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The winter Olympics are soon approaching and as we've all seen before, big events mean big possibilities (both good and bad). And in order to eliminate surprises, prevent disasters, and (as any smart brand would do) take advantage of opportunities, one must plan ahead. 


Pyeonchang, South Korea


Uber & South Korea as it stands
Uber has had a rocky history when it comes to South Korea. They entered the country’s market in mid 2013, launching UberBlack. However, many laws existed at the time, restricting riders to particular sets of people (foreign travelers or disabled passengers for example). While technically illegal, Uber continued to operate within the country. However, once they company launched UberX, where regular drivers use their own cars, it seems lines were crossed and they were forced to shutdown. As of late Uber has been slowly rebuilding their relationship with South Korea. While UberX still remains illegal, UberBlack and UberTaxi still remain functioning services within the country.
Functioning Services:



Country Sentiment:


-Brand rebuilding ties with government

-Riders default to local competitor Kakao Taxi

Futures Considered
While there were countless things we could take into account, we focused on four core effecting factors and what the future held for them.

Where would transportation be in two years? Self-driving cars are a definite part of our future, but they likely won’t be available for mass use by 2018. What other innovations could play a role? What other forms of transportation could be available or even just improved? We had to consider all possibilities, even the ones as simple as accessible and reliable internal Wi-Fi. Any one thing could change the game for Uber.

Mass Events:

What will attending a big event be like in 2018? Who will be motivated to attend these events? Will we travel to these grand events more often, as traveling becomes easier to do? Or will we avoid them as global turmoil increases travel fears? For example, the 2016 summer games have seen a drastic drop in attendees due to the Zika virus.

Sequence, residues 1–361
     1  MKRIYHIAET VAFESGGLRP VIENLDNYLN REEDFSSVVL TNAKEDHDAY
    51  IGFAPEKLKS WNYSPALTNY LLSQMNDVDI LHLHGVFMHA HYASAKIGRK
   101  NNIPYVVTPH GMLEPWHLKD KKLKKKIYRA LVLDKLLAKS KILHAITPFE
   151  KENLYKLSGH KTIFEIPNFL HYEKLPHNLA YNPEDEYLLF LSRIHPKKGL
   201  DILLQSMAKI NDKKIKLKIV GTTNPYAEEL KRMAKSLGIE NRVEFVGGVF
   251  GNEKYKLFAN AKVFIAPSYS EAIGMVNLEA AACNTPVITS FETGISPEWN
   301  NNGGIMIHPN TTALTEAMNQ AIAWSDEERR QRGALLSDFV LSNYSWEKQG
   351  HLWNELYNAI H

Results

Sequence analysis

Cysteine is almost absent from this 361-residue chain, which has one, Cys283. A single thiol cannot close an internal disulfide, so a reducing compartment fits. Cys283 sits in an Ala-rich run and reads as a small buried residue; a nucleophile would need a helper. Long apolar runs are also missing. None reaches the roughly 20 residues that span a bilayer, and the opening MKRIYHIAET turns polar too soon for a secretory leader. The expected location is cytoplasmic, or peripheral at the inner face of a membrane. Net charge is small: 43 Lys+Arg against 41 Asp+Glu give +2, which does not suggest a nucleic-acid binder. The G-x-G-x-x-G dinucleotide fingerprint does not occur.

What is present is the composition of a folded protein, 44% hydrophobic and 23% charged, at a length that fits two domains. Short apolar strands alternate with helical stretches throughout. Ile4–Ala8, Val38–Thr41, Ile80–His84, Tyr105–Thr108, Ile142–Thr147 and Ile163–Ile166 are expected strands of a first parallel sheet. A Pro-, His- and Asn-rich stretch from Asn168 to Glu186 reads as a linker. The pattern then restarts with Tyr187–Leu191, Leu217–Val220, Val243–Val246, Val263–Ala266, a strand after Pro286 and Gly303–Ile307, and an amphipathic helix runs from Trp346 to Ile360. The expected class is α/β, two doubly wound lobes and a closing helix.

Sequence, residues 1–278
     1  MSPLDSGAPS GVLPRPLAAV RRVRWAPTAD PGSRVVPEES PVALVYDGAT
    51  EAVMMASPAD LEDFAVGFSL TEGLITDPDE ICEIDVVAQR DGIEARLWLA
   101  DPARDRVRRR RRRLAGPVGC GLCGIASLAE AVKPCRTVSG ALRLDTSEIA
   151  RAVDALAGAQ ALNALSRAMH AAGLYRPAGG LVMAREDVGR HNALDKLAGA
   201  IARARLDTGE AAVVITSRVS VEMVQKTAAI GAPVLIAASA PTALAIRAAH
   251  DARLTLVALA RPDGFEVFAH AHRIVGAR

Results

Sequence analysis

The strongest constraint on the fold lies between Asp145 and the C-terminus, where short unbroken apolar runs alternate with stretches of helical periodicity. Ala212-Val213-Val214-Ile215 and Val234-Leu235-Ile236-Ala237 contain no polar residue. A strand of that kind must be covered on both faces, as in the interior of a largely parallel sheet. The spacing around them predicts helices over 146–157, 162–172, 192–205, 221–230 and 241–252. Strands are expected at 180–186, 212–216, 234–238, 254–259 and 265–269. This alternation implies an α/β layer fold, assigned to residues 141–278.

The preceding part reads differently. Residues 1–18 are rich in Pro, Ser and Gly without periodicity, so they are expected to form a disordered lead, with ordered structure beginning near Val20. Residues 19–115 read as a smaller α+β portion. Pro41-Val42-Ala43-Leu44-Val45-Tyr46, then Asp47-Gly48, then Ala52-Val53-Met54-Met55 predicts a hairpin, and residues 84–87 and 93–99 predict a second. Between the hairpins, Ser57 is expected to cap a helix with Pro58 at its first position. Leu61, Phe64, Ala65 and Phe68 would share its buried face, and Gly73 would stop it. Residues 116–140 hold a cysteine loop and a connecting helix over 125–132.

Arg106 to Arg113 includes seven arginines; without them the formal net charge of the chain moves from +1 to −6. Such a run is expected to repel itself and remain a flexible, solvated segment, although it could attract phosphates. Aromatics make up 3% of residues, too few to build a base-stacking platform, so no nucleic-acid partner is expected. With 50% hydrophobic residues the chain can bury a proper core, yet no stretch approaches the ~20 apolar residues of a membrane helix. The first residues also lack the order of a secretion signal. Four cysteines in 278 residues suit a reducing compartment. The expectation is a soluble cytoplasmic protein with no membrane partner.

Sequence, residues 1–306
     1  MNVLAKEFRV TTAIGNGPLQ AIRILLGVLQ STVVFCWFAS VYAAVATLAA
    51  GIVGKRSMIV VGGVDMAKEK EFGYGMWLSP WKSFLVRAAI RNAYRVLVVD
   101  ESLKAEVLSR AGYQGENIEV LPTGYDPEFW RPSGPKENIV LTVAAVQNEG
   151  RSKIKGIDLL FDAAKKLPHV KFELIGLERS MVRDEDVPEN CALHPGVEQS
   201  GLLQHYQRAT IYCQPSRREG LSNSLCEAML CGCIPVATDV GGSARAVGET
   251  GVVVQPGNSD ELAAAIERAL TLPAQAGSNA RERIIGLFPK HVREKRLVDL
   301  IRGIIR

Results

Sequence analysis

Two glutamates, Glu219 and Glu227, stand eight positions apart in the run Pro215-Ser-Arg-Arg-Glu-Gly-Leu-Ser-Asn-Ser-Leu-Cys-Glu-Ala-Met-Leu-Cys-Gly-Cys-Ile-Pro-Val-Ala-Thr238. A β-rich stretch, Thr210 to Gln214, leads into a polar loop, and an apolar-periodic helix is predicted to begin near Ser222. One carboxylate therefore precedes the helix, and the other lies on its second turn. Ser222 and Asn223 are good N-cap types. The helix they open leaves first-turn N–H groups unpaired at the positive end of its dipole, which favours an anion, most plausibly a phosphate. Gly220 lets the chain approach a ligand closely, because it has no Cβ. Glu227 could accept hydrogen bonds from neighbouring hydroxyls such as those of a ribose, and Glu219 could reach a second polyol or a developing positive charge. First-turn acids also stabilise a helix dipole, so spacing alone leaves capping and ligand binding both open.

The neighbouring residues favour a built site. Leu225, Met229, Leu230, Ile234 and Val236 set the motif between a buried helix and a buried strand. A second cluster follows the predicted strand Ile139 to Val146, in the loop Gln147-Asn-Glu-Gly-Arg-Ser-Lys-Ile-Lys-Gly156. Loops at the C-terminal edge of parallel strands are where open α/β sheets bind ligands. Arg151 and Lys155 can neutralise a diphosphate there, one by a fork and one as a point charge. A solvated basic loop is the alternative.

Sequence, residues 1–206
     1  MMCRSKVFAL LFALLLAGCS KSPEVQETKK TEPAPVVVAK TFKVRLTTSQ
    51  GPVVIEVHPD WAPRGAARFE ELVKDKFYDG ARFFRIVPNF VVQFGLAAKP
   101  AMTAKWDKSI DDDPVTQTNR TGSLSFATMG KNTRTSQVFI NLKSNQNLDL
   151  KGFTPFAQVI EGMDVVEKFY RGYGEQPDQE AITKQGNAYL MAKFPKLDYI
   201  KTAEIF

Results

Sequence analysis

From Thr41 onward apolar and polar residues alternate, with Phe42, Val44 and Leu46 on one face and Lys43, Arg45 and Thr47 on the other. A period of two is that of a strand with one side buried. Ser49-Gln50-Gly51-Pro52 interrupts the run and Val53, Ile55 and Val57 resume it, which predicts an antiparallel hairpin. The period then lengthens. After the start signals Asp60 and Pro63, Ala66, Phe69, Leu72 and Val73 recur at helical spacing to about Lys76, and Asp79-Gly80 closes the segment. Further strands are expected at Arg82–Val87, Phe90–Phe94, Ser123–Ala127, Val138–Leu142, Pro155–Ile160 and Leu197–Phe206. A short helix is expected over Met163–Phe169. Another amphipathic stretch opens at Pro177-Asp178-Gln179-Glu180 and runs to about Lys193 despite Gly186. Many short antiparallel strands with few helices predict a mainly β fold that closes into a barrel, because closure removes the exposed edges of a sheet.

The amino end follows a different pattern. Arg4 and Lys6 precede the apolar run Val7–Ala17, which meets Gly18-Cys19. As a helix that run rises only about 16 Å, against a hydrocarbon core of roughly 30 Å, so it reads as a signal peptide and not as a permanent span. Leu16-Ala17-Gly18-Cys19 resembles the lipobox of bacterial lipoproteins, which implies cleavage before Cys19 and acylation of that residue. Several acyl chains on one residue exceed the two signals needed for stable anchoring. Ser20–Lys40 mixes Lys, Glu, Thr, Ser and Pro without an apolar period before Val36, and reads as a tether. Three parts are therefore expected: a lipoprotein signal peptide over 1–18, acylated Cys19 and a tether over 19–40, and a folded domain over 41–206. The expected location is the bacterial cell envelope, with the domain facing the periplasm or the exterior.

Being that Uber relies on its app to connect to consumers, the future of technology was important. What would change in regards to cell networks, Wi-Fi connections, or phones in general mean? Would we be accessing Uber in a different way? Would alternative forms of connecting derail Uber’s intention of creating a seamless ridesharing platform?


Airbnb has completely changed the way we travel. What more will they do in two years? Will new competitors rise? Will old players, such as traditional hotels or hostels find new ways to disrupt the category and win back consumers?

The challenge here was to think about the future, but only the immediate future. We had to be logical about what possibilities were realistic and which were thinking too far ahead. Our research had to be precise and our analysis had to be optimistic, yet grounded.
Atendees are. . . 
-A part of an athlete’s entourage
-Sports fans
-Travel aficionados
-Sports, travel or news writers
Steakholders include. . . 
-Uber corporate
-PyeongChang locals
These things we knew would remain the same, despite the scenario: Weather, Traffic, Locals being displaced, Uber as a foreign company



We created four different scenarios using two key drivers of change, dispersion and app performance. We found these to be high in uncertainty as well as impact, making them critical scenario drivers. 

App performance
As per usual with all high volume events, there are bound to be problems with technology and cell service. While one can plan for such events and supply as much preemptive setup, the chance and severity of possible problems is unpredictable. We lumped all technology issues together, including cell service, app malfunctions, and so forth.
With Airbnb as the official alternative accommodations partner to the Olympics, the possibility for major change in where people stay, as well as how many people attend, was evident. There would be more affordable stays, meaning more attendees. However, this also meant staying further away, increasing the need of drivers and length of rides.


Get there. Your day belongs to you.

We decided to leverage Uber's current strategy, ‘Get there. Your day belongs to you.’ We see this strategy being dual purposed. The first (Get there) is to state that they are in the business of moving people; because Uber’s ultimate goal is to get you where you need to be. The second (Your day belongs to you) states that Uber is in the business of giving you time. They want your day to be spent doing the things you want to do, not getting to your destination.
By utilizing this strategy, we were able to assure all bases were covered. It allowed us to position Uber to its strengths as well as to what consumers needed most in that particular scenario.















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